Pink eye, or conjunctivitis, is an inflammation of the conjunctiva in the eye. Conjunctiva are the thin clear tissues that cover the white part of your eyes and line the insides of your eyelids.
There are a number of different causes of pink eye, including:
- Allergies, like dust and pollen
- Certain allergies related to wearing contact lenses
- Irritants such as shampoos, dirt, smoke, and pool chlorine
Pink eye caused by some bacteria and viruses can be highly contagious, and lead to unpleasant symptoms, which can be very inconvenient. It is not usually dangerous, except to newborn babies, in which case it can cause vision loss.
The symptoms of pink eye
As the name suggests, pink eye causes your eye/s to become extremely red. The eyelids might also become red and inflamed as well. Other symptoms can include:
- Thick discharge that crusts over the eyelashes, especially after sleep, usually yellow in color
- Green or white discharge from the eye and under the lids
- Blurred vision
- Sensitivity to light
Pink eye can be very contagious, spread when a person rubs their eyes and touches surfaces, which others touch and then touch their eyes. It can also be spread through shared towels.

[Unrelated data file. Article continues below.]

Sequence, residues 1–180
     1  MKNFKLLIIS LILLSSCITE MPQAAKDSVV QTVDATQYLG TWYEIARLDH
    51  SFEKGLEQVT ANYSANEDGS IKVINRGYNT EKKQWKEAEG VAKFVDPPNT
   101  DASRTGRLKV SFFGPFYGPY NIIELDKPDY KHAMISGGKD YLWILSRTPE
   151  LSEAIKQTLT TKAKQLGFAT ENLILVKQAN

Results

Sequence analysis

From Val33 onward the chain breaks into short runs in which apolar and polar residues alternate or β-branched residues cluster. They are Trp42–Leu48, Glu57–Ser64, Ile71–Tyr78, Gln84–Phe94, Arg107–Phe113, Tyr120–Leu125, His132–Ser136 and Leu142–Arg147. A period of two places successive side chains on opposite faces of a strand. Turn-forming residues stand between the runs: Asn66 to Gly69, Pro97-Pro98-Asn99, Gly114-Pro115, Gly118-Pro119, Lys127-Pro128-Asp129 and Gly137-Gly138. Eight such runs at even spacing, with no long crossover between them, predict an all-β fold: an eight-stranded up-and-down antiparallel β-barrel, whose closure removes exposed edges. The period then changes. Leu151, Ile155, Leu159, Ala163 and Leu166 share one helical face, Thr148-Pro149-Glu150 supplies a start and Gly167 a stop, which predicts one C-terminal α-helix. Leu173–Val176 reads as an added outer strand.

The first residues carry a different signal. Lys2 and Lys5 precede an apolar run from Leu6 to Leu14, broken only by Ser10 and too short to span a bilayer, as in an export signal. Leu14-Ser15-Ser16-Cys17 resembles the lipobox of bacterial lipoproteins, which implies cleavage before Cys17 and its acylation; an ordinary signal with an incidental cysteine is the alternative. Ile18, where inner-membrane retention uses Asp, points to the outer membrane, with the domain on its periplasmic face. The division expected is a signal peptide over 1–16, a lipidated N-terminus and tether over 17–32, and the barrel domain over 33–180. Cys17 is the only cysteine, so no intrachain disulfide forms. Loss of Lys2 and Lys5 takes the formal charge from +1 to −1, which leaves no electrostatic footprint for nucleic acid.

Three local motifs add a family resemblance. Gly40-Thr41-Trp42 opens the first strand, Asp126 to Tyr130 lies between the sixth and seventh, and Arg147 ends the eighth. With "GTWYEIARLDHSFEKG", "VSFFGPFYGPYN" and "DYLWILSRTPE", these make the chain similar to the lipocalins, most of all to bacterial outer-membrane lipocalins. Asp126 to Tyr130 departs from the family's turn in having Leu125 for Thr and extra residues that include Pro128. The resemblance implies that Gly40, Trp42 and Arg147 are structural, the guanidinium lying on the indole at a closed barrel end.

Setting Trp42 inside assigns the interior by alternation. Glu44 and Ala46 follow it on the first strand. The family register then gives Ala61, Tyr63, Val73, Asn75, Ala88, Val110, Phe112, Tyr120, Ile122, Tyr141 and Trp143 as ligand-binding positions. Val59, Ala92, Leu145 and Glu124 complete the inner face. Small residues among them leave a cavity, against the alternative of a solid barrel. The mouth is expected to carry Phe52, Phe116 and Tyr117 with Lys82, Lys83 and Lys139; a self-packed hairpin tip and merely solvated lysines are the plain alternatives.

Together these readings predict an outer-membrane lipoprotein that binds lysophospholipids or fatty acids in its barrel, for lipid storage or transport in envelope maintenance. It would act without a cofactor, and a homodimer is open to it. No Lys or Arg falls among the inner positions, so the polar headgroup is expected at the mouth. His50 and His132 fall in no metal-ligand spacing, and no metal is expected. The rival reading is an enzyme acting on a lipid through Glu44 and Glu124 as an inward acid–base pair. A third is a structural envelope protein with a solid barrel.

Going to the doctor
If you think you have pink eye, see your doctor. They will examine you and will often take a sample of the fluid from your eyes to send it to a lab in order to determine the cause. It could be bacteria, viruses, or possibly a sexually transmitted disease (STD). Discovering the cause can help you get the right treatment promptly.
Pink eye caused by bacteria and STDs will usually be treated with antibiotics, in the forms of eye drops, ointments and/or pills. The infection will usually disappear within a week.
If it is caused by a virus, such as the common cold, it will usually run along the same course as a cold, about 4 to 7 days.
Preventing pink eye
Frequent hand washing is the best ways to avoid pink eye. Not touching your eyes or rubbing them too much can also help.